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Wind turbine hazards multiply  

Credit:  Occupational Health & Safety | Jun 09, 2015 | ohsonline.com ~~

The hazards faced by workers performing maintenance work on wind turbines are increasing as the turbines multiply and grow larger, Craig Bierl, an assistant vice president and senior energy risk specialist for the Chubb Group of Insurance Companies, explained during his June 8 session at ASSE’s Safety 2015 in Dallas. Many of the hazards are garden variety, he said, but workers encounter almost all of them – falls, confined spaces, fire hazards, lockout/tagout, first aid, electrical hazards, machine guarding, and arc flash safety – 300 feet above the ground, making rescue or descent difficult.

The industry has seen explosive growth since 1999, and so have the turbines, which have increased by about 50 percent in height (they were 60-68 meters high a few years ago but now are 100-110 meters high) and by 96 percent in rotor diameter, he said, and annual installations are predicted to stay high through 2050.

While most turbine manufacturers recommend a minimum of 500 meters of clear space around a turbine, many now are sited close to schools, homes, and other important structures, Bierl explained.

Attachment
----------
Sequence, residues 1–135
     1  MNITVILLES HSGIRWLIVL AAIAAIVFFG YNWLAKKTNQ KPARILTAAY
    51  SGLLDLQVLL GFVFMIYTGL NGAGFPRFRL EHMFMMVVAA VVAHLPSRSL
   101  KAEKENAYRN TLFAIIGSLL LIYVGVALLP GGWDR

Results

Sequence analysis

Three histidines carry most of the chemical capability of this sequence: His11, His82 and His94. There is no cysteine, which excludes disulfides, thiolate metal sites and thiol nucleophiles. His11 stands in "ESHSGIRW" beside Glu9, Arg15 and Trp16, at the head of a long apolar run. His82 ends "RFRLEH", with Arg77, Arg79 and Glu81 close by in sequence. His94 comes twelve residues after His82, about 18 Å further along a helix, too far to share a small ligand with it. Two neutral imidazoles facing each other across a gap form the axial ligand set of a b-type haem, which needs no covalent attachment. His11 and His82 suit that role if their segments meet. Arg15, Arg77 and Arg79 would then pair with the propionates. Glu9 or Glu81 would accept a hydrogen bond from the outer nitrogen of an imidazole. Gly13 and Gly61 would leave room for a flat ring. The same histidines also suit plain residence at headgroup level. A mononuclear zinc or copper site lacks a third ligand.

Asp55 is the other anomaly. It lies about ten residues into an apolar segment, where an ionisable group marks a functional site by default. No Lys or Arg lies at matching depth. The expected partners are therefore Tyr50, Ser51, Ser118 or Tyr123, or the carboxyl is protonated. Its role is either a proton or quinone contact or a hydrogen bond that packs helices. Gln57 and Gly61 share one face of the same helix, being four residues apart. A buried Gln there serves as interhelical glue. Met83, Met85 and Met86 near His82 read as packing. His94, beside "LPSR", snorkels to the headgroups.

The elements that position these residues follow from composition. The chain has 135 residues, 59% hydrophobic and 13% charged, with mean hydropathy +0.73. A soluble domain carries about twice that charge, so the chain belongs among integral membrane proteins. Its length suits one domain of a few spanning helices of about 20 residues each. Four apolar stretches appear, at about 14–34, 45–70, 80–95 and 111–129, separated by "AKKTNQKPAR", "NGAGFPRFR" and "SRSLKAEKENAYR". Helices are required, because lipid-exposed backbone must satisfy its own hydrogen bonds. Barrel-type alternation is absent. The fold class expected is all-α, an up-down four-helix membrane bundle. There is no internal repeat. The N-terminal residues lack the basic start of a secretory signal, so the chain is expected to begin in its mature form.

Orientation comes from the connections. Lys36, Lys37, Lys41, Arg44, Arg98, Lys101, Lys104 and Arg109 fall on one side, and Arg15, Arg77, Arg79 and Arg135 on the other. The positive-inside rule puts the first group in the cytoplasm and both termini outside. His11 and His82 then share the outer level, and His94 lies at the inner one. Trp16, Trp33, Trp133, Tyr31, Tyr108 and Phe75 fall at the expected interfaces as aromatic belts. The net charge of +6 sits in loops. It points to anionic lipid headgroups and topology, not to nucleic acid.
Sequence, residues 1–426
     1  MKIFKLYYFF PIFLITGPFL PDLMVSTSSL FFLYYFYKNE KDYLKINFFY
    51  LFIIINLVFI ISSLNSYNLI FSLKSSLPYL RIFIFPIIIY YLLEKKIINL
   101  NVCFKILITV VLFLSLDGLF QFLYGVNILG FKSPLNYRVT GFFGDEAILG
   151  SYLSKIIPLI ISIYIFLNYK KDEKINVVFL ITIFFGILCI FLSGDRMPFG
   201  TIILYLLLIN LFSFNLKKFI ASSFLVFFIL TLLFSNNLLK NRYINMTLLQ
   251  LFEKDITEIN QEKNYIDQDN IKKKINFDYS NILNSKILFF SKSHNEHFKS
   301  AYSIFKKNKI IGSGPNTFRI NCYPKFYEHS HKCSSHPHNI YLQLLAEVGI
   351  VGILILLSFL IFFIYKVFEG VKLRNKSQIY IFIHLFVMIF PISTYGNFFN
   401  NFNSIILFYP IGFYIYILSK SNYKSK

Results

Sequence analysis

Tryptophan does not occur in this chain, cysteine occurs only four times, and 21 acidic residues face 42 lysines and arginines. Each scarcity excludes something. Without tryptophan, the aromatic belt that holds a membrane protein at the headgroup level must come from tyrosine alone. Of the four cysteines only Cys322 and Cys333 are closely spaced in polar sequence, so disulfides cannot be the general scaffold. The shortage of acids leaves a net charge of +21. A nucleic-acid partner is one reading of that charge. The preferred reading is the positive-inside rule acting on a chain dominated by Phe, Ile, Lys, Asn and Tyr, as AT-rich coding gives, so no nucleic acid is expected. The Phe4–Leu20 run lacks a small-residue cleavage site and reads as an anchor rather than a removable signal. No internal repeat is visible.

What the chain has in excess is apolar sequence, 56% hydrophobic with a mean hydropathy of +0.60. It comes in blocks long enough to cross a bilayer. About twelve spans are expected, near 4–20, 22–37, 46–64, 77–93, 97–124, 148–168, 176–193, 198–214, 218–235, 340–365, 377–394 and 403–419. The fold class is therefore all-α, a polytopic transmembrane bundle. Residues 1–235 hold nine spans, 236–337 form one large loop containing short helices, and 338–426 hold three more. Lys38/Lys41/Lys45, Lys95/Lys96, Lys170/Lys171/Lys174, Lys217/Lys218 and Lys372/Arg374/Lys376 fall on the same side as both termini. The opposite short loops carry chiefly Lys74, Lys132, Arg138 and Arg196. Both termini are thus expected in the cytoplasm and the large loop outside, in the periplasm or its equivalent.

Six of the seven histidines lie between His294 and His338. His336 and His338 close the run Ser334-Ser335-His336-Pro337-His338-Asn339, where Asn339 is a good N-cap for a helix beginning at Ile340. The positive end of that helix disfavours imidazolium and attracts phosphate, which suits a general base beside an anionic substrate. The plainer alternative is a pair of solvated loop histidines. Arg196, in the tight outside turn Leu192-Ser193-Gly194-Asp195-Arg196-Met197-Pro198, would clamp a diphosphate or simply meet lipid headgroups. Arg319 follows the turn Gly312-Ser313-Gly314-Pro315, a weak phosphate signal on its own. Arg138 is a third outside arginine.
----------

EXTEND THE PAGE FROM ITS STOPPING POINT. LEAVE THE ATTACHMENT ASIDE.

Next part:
He showed a photo from a nacelle fire and discussed some serious incidents, including a fire in a turbine’s nacelle that resulted in two workers’ deaths, a wind turbine destroyed by spinning too fast, and a worker who fell inside a turbine blade during maintenance work.

Newer turbines have climbing assist equipment or elevators installed – and the latter can satisfy OSHA’s requirement that rescue of an injured worker must occur within four minutes – but climbing a ladder in an older model to its nacelle can take 30 minutes, he said. “Every time you climb, it’s a hazard, no matter how good shape you’re in.”

“Anything you do in a hurry up there is going to increase your chance of an accident,” he added. Bierl explained that most turbines have no fire protection systems installed, making pre-fire planning important for maintenance firms. Other key recommendations included these:

• De-energize; do not work on live equipment.
• Do a climber evaluation every time.
• Ensure a trained rescue team is available.
• Follow the two-worker rule: Every turbine maintenance job must have two workers, at minimum.

“One of the biggest things is tool drops,” Bierl said during his presentation. “A lot of guys [are] getting hurt by tool drops.”

Source:  Occupational Health & Safety | Jun 09, 2015 | ohsonline.com

This article is the work of the source indicated. Any opinions expressed in it are not necessarily those of National Wind Watch.

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